Spiritual Warfare: Translating the Christianese (LSP #163)

Spiritual Warfare: Translating the Christianese (LSP #163) October 26, 2020

Hi and welcome back! As we checked out various supposed spiritual warriors recently, I couldn’t help but notice again how much obfuscating language they use. Of course, that observation didn’t surprise me. After all, spiritual warfare itself is a Happy Pretendy Fun Time Game for Christian adults. With their grandiose language, spiritual warriors certainly sound impressive. Ah, but if you lift the hood of this Jesus-built hot rod, you’ll find nothing more under it than a pokey little jalopy engine. Today, Lord Snow Presides over the utter banality that spiritual warriors mask with over-the-top Christianese.

bronze statue of a renaissance era eastern european soldier on horseback
A proper spiritual warrior waging spiritual warfare. (Juvnsky Anton Maksimov.)

What Spiritual Warfare Is.

Officially, TRUE CHRISTIANS™ wage spiritual warfare against the demonic forces of evil opposing their god. The Christians doing it think they are just like real live soldiers in real live armor with real live weapons on a real live battlefield, fighting a real live battle in a real live war against real live opponents for real-world stakes. But they’re doing it in the spiritual world for Jesus!

Baffling? Oh no, I assure you: everything about spiritual warfare is perfectly understandable.

The Christians who get into spiritual warfare get their information about it from eccentric interpretations of the Bible and a lot of folklore they’ve developed over the past few decades. Their favorite verse about spiritual warfare is invariably Ephesians 6:12:

For we do not wrestle against flesh and blood, but against the rulers, against the authorities, against the cosmic powers over this present darkness, against the spiritual forces of evil in the heavenly places.

Every single word after the “but” in that verse refers to something completely imaginary. (Also, yes, that’s where the book title This Present Darkness comes from.)

What these Christianese concepts look like in reality:

  • Spiritual: imaginary; based entirely in the mind
  • Spiritual warfare: thinking angrily at the ceiling; stomping around angrily while thinking angry thoughts; directing threats and chest-thumping proclamations at the ceiling
  • Principalities and powers: imaginary realms that correspond roughly to the maps at the beginning of fantasy novels, except they tend to be free-floating, context-less points in Christians’ imaginations; about all these Christians tend to be certain about is that Heaven is in the sky while Hell is beneath the ground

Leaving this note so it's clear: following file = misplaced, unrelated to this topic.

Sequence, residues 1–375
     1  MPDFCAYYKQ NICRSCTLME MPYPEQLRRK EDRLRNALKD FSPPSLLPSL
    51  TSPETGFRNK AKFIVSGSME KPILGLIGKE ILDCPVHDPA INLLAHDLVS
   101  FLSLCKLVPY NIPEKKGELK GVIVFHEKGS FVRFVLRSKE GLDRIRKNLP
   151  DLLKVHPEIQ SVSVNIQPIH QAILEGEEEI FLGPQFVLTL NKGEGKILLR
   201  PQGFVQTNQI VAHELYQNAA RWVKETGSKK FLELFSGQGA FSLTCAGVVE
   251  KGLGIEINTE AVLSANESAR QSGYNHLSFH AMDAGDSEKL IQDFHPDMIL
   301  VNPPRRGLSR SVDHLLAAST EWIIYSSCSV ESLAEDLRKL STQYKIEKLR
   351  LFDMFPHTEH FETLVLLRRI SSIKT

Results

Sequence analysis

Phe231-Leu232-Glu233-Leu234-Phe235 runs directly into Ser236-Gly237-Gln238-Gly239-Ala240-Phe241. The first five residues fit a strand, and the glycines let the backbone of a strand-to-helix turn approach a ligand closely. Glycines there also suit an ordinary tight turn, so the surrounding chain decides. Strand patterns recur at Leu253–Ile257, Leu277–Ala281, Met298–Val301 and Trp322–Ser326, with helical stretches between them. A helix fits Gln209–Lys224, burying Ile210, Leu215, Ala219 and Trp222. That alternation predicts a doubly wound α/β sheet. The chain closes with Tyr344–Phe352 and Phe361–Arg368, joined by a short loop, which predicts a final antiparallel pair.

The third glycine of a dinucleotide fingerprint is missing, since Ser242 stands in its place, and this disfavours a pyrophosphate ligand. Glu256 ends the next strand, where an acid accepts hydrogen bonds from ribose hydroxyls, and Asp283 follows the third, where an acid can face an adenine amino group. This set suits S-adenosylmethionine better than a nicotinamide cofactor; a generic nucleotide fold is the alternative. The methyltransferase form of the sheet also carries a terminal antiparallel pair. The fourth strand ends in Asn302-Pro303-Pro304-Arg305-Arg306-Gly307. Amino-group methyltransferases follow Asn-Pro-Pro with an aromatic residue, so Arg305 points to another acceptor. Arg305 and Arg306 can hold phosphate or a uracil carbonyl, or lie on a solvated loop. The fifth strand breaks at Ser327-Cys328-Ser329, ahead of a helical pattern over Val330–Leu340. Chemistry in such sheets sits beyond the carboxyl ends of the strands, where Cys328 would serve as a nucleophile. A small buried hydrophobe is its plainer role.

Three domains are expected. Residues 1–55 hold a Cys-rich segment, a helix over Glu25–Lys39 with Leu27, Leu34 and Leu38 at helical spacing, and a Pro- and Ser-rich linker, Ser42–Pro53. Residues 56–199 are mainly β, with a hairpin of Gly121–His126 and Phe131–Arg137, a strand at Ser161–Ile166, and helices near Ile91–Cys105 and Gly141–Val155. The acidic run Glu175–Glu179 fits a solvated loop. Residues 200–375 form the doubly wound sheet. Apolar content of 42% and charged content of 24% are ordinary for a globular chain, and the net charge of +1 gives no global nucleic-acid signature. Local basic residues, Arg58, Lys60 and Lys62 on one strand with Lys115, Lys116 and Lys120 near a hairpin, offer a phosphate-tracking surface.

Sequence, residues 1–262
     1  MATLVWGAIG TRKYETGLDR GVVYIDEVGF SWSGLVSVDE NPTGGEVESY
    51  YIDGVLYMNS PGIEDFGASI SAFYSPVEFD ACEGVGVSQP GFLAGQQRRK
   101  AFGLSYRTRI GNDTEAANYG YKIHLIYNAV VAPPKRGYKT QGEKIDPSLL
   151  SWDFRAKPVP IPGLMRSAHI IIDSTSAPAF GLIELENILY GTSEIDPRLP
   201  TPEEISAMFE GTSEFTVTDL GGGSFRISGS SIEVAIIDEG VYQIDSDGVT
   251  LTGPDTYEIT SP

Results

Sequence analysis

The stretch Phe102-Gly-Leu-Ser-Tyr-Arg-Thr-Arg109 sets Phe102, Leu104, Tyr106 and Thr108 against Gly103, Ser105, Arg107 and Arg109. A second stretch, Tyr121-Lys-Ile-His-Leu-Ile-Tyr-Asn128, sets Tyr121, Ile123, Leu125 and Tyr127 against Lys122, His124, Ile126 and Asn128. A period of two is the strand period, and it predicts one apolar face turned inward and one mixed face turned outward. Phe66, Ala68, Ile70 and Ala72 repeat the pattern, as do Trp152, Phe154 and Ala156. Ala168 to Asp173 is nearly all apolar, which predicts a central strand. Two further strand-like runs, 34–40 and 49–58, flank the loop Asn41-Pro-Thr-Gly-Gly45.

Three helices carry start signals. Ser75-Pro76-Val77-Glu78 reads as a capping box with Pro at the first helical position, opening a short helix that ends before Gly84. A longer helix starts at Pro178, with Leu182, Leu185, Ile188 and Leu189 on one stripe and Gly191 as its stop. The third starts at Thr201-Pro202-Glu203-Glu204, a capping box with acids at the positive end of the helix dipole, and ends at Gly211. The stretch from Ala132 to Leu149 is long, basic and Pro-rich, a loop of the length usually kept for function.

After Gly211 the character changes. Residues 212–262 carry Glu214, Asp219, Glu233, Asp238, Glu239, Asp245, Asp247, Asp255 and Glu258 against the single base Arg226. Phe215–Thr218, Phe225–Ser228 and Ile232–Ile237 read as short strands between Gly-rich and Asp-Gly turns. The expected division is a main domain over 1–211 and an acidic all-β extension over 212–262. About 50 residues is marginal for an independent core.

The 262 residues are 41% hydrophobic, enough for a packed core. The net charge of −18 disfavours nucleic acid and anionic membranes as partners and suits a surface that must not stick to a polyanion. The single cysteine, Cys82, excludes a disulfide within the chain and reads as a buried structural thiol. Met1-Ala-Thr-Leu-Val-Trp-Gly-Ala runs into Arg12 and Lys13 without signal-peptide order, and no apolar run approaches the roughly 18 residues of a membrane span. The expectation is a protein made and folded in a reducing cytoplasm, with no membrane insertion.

Why It’s Performed.

Just as real-world wars get fought over territory, spiritual wars get fought over people’s souls — which are sort of like territory to these Christians. Clearly, this means that Jesus controls territory that could be taken by his demonic opponents. (I suddenly wonder where about the source of those “streets of gold.”)

For some unfathomable reason, Jesus apparently can’t fight his own battles, however, not even with legions of angels at his beck and call. He wants his little ant farm denizens to help him out. In fact, he needs them to step in! If they don’t, he .. well, he won’t lose, and nothing can defy his will anyway so it’s not like anything could provoke any change he doesn’t desire, but Christians still gotta do it for Jesus Reasons. Quick! Look over there! A squirrel’s giving a massage to another squirrel!

my distraction technique works like a charm
SEE? OMG SO CUTE

Ahem. Yes. Obligatory. Totally. Necessary. Absolutely. Moving on.

What these Christianese concepts look like in reality:

  • Demons: invisible boogeymen, which manifest as bad or ominous/anxious/unapproved feelings
  • Angels: also invisible and imaginary, but on the spiritual warriors’ side; might as well not even exist, however, because Jesus wants his new bestest friends to play with him this time
  • Jesus: the ultimate imaginary friend; demands to be your BFF or he’ll hate you forever and tell all his friends to hate you too AND THEY WILL, oh they WILL

Who Performs It.

We can’t stop here. This is wingnut country.

Very occasionally, mainline churches (like this one) use the language of spiritual warfare. However, they obviously don’t mean the same thing by it at all. In their minds, a spiritual warrior is just a Christian who prays a lot for others.

However, that is not the sense of the phrase as we’re using it today. If that was all Christian wingnuts were doing, nobody’d have any problems with them. No, to find classic spiritual warriors we must turn to that crowd of right-wing conspiracy theorists who live in a reality-free bubble and think chemtrails are demonic skidmarks.

Spiritual warriors (in the sense we’re using it) tend overwhelmingly to be male right-wing evangelicals. Sometimes, I find right-wing male Catholics involved, but let’s face it: the two types are identical in every practical way anyway, which is unsurprising as they’re both very authoritarian. We’re talking about the kind of guys with a real boner for the military. They end up sliding into these subgroups instead to justify their negative feelings and aggressive urges. (It’s okay to be angry and violent when demons are involved, right? Right?)